Situated in the valley of the Green Mountains, Montpelier has been called quaint, idyllic, and weird. The locals have taken to calling it “Montpeculiar.” Full of writers, poets, musicians as well as lawyers and statesmen/women, the city is home to the Vermont Statehouse, Hubbard Park and a branch of the Winooski River, which runs through the downtown area. The winters here are something to be reckoned with-it has not been unheard of to get three or more feet of snow from a single storm and below freezing temperatures in January (one year: -20 degrees Fahrenheit).  Summertime and fall are the best time to visit-there are more things to do and see. Fall is usually tourist season with picture-perfect New England vistas.

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A Machine that Twitters: Why I decided to let Paul Klee title my essays

Paul Klee’s “The Twittering Machine”

For about four years, I lived within walking distance of the Menil Museum in Houston. It’s a free museum lodged in the Montrose neighborhood and it ate hours of my life.

One season the museum had a giant mounting of Paul Klee’s work, the majority borrowed from other collections. If you don’t know who Paul Klee is, he was an artist who taught at the Bauhaus school until the National Socialist party exiled him.

The great thing about Klee is that his paintings have got the greatest titles. I would go into the museum and just write down his titles because there was enough humor and play and love of language in his titles to animate the interplay between the titles and what they supposedly titled (of course, they’re all translated from the German, but their music is stunning even in English.)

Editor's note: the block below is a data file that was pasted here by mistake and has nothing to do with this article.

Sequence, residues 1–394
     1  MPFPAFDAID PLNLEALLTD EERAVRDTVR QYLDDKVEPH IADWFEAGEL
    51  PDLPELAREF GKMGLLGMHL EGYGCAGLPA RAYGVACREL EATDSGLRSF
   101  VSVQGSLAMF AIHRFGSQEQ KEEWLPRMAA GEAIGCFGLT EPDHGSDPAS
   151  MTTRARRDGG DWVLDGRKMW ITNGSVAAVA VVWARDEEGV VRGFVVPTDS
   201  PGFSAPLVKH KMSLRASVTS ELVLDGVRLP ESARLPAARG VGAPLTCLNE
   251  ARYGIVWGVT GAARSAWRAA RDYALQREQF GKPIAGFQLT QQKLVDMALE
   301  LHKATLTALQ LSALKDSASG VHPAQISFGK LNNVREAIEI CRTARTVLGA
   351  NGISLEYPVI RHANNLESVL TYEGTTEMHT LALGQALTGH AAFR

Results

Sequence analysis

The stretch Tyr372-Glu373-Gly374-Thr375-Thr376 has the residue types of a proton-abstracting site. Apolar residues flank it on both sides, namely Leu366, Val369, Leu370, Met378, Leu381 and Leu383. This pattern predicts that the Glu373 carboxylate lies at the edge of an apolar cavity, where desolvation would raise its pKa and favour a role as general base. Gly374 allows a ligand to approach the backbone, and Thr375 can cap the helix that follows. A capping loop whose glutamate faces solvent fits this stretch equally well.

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The Borderlands of Language: Using Italics for “Foreign” Words (Part I)

Junot Díaz once told me that he writes for his six best friends and the rest of the world.  This was a few summers ago in a VONA fiction workshop in San Francisco. We had been discussing the meaty issue of how much to explain in our short stories and novels. For example, would the reader understand the meaning of chiltepe without having to look it up? How much did I gain from including details that may feel welcoming to some, alienating to others? I wondered if I should italicize certain words, and by that I meant words in Spanish.

Junot answered my questions with a question: “Who is your audience?”

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Not Unlike…

Readings in World Literature
Srikanth Reddy
Omnidawn, 2012
42 pages

Editor’s note: P. Scott Stanfield holds a Ph.D. in English and teaches literature at Nebraska Wesleyan University. Recently, I challenged him to see how many references to other works and artists he could make in a single 500-word review. He gets one point for each, or two for any he hasn’t used in a previous column. Last month’s score: 31; this month’s score: 20.
– Andrew Ladd

Readings in World Literature, Srikanth Reddy’s new chapbook, is hard to describe. The back cover calls it a “prose sequence,” but the acknowledgements page calls it a “poem.” Likewise, it straddles the fiction/non-fiction divide. Reddy really does teach “Readings in World Literature” at the University of Chicago, but not “Introduction to the Underworld,” as he does in the text. He and Suzanne Buffam really do have a daughter named Mira, and he may really have developed a melanoma; since he teaches at the University of Chicago, he quite possibly really had a student who described himself as a “Zen Naxalite crypto-Objectivist.”Continue Reading

THAT LIT, LIT LIFE (with global characteristics) 1 (of 14)

Xu Xi’s latest novel, Habit of a Foreign Sky

When you’re around the world’s literati, you’re usually a little lit. A bit inebriated. Slightly slurred. Deliciously drunk. Oh, on words of course (Mais oui! What else?). Or if you’re running an international, low-residency MFA with Asian characteristics, you’re intoxicated in multiple Englishes and other languages.